Last weekend, the Texas Republican Party voted on an outrageous platform that not only denies the results of the 2020 presidential election, but also rejects same-sex marriage and seeks to “protect” minors until the age of 17 against “predatory sexual behavior”, such as drag queens reading stories aloud to children.
Drag queens are predators, trans women are a threat, and same-sex marriage is a violation of the “natural order” decision in Obergefell v. Hodges guaranteeing the right to same-sex marriage.
The decision was heralded as a major civil rights victory by its supporters, but many gay rights opponents viewed it as a losing battle in a war, not a loss. of the war. For them, same-sex marriage is too important a development to simply accept.
Dennis Prager, writing in National Review, argued that the decision completed “America’s secularization” and sealed “the end of America as envisioned by the Founders”.
Mitch McConnell, then Senate Majority Leader, was a staunch opponent of same-sex marriage. He was one of six Republican senators to sign an amicus brief in an attempt to convince the court to reject it. But after the ruling, even he acknowledged there was little more Congress could do. “The courts have spoken pretty well,” he said.
But opponents of gay rights would not stop there. There were other avenues of oppression: the presidency, the states, and the composition of the court itself.
In 2016, Donald Trump was elected. Although he disavowed the violence at Orlando’s Pulse nightclub, vowing to protect the LGBTQ community from “violence and oppression”, openly courting gay donors like Peter Thiel and later calling same-sex marriage the law established, he would continue to take unprecedented measures. measures “to undermine and eliminate rights protecting LGBTQ people,” as Alphonso David, then president of the Human Rights Campaign, put it in 2020.
Among Trump’s extensive list of transgressions against gay people were his administration’s attempts to literally erase them by trying to block new sexual orientation questions from the census and trying to define transgender people out of existence, proposing to “define sex as male or female, unchangeable and determined by the genitalia a person is born with,” according to the New York Times.
Then there was the Supreme Court itself. Shortly after sanctioning same-sex marriage, 2016 presidential candidate Mike Huckabee declared that “the Supreme Court can no more strike down the laws of nature and nature’s God on marriage than the law of gravity”. He warned, “The only outcome worse than this misguided and failed decision would be for the President and Congress, two equal branches of government, to surrender to this uncontrollable act of unconstitutional judicial tyranny.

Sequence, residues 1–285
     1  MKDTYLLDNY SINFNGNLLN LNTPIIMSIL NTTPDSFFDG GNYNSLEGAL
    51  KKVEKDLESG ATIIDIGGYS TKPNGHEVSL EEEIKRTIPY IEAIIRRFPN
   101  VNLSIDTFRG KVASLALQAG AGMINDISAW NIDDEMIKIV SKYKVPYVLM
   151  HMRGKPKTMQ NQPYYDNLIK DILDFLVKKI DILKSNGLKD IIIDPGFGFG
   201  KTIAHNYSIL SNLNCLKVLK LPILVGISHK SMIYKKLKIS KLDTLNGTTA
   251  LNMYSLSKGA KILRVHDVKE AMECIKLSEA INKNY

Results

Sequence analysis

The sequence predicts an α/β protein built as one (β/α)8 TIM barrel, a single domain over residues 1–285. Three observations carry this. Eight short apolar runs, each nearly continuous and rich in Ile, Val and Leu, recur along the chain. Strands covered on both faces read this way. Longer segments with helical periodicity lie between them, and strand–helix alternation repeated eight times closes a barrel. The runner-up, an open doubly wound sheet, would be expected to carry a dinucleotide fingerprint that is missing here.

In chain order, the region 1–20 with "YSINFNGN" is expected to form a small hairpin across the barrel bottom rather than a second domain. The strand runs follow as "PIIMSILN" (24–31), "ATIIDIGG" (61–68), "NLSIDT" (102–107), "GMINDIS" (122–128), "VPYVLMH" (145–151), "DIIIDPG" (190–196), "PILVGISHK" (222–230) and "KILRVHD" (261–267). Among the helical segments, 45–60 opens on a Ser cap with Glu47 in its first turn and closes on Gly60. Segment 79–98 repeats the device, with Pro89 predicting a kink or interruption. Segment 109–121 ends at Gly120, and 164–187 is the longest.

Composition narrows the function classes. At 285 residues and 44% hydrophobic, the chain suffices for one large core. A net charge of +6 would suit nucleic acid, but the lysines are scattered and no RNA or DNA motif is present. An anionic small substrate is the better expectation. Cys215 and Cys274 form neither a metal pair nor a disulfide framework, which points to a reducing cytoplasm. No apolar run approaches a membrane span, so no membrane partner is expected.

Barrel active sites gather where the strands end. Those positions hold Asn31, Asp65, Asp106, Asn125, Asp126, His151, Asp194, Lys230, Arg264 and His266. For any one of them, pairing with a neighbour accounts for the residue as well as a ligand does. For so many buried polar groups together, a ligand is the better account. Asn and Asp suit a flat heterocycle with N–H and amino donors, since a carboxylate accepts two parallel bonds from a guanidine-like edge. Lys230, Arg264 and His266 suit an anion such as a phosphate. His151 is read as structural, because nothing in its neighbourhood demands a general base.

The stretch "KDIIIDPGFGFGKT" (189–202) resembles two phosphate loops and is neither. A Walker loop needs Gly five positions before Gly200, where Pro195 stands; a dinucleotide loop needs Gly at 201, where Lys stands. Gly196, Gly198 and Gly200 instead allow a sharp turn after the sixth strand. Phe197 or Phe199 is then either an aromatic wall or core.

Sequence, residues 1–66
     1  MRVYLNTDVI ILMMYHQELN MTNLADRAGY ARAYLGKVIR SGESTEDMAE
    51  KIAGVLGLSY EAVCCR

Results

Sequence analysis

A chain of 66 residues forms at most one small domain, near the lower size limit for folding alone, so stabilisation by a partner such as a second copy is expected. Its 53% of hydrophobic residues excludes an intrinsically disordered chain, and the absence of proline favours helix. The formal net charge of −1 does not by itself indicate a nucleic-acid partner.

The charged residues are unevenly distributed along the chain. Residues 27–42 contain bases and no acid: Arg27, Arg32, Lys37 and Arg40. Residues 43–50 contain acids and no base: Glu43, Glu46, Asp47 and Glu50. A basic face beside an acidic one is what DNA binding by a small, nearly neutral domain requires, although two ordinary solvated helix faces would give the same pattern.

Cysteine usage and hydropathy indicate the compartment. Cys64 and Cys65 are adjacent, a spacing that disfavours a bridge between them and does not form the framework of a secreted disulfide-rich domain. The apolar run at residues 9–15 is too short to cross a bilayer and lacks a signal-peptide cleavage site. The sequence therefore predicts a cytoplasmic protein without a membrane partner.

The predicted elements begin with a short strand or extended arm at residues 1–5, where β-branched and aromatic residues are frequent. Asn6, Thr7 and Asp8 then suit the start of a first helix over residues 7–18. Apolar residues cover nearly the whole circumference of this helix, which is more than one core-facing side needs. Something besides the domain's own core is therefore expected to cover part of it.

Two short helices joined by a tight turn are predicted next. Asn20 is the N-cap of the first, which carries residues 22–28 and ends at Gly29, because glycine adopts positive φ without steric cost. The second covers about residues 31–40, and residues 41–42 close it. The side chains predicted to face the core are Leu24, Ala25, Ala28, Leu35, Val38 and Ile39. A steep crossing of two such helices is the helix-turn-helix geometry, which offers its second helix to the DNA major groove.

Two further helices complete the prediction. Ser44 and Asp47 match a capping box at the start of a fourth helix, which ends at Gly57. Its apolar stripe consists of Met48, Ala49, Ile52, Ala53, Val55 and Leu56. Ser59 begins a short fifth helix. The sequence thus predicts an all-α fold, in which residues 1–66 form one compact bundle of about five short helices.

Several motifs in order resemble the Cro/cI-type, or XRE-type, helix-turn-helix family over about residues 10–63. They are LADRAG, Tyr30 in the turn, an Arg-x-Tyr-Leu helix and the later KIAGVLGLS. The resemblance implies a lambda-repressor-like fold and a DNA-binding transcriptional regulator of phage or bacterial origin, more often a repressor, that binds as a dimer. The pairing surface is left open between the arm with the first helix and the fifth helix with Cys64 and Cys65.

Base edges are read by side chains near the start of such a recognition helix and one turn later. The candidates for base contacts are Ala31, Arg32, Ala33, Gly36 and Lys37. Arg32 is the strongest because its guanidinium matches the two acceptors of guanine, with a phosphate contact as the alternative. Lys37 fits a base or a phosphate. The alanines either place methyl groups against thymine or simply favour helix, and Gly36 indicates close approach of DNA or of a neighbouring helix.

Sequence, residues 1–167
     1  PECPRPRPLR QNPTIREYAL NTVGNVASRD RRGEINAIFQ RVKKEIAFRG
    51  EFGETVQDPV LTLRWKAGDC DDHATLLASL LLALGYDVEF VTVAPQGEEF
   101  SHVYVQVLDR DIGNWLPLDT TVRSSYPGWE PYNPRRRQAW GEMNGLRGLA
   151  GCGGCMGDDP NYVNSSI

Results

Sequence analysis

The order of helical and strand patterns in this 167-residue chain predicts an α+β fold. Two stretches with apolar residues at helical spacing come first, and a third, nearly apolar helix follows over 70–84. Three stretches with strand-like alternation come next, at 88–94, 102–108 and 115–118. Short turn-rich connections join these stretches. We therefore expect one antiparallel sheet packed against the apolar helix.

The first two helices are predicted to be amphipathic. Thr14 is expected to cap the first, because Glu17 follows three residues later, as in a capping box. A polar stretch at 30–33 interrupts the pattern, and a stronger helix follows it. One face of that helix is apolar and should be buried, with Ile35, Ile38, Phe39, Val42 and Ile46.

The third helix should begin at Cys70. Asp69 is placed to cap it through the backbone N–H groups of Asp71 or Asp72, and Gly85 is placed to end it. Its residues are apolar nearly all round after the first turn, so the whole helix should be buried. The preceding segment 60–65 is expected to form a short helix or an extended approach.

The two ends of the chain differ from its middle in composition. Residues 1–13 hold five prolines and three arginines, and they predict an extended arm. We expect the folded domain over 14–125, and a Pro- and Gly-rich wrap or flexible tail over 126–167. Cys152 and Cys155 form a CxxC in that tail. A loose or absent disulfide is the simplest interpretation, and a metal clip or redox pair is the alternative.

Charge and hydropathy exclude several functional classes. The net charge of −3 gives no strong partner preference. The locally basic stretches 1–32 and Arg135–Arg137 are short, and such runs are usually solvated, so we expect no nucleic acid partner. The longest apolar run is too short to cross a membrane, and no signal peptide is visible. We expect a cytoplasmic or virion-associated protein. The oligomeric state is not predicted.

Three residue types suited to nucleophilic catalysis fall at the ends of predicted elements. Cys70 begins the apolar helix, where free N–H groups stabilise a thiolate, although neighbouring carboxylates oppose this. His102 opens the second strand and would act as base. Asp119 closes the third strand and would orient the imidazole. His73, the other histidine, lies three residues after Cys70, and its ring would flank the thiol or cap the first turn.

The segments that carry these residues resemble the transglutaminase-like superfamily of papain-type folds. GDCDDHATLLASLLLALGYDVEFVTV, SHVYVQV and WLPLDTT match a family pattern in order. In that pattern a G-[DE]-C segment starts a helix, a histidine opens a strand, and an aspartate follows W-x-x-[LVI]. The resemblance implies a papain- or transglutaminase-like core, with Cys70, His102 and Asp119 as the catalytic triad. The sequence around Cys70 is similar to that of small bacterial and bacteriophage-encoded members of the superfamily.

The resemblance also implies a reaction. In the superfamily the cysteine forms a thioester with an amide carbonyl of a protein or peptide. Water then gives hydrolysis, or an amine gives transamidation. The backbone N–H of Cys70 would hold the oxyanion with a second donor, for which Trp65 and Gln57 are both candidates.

It was clear that the fight had only just begun.
Justice Anthony Kennedy, writing for the majority, put it this way: “The idea of the Constitution” was to remove certain subjects from the vicissitudes of political controversy, to place them beyond the reach of majorities and officials and to establish them as legal principles. to be enforced by the courts,” quoting former Justice Robert Jackson.
Opponents of gay rights saw it as a legal overstepping. And now Kennedy has been replaced by Brett Kavanaugh, who declined during his confirmation hearing to say whether he thought the same-sex marriage case was properly decided. Amy Coney Barrett also joined the court, replacing another judge who was in the majority of same-sex marriages: Ruth Bader Ginsburg. At a 2016 conference, Barrett appeared to defend dissenting judges in the same-sex marriage case and questioned whether it was up to the court to decide issues such as which toilets transgender people should be allowed to use. .
Around this time, Republican state legislators were introducing a number of toilet bills, a first step in their drive to oppress gay people. Then came a series of state laws preventing transgender women and girls from participating in women’s school sports.
These attacks were never going to stay focused only on trans people. (Even if they did, it would still be a horrific attack on human rights.) Now we are seeing the inevitable result, as Republican lawmakers expand the attacks on homosexuality itself.
This year alone, we’ve seen Florida pass its “Don’t Say Gay” bill.
Make no mistake, this is all part of a renewed and widespread attack on gay rights and gay culture, to curb the rise of young people coming out. And if you think a right once established by the court cannot be overturned by the court, look no further than the court’s pending abortion ruling.
There is no end in the battle for civil rights. Victories don’t stay won. They must be defended and can sometimes be knocked down.
Republicans may not be able to push people back into the closet, but they can try to reinstate some stigma to keep them from coming out in the first place and build them – us – cultural gay ghettos if we do .